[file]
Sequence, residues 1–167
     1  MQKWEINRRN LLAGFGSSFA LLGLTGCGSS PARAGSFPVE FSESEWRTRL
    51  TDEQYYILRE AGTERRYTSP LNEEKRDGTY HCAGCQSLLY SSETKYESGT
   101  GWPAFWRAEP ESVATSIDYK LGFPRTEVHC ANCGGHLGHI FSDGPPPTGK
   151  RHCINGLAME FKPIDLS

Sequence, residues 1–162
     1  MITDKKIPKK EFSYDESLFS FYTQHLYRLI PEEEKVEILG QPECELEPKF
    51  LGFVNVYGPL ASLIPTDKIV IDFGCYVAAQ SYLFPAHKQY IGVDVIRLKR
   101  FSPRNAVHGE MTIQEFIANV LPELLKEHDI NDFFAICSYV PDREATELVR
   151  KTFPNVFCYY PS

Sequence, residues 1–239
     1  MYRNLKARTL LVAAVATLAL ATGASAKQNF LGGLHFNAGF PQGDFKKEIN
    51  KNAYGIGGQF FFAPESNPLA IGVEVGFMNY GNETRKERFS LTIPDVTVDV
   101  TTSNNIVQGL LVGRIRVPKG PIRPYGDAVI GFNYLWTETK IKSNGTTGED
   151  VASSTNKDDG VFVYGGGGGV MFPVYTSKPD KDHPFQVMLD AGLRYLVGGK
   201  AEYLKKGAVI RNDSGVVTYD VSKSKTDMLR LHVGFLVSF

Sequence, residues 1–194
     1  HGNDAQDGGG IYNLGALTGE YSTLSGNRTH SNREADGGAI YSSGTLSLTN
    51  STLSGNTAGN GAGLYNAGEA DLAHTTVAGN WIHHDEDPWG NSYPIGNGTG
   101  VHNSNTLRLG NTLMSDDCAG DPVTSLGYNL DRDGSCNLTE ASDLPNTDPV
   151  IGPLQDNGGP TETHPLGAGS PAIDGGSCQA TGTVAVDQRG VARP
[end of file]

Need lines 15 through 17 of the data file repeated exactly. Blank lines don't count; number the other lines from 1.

   151  VASSTNKDDG VFVYGGGGGV MFPVYTSKPD KDHPFQVMLD AGLRYLVGGK
   201  AEYLKKGAVI RNDSGVVTYD VSKSKTDMLR LHVGFLVSF

Sequence, residues 1–194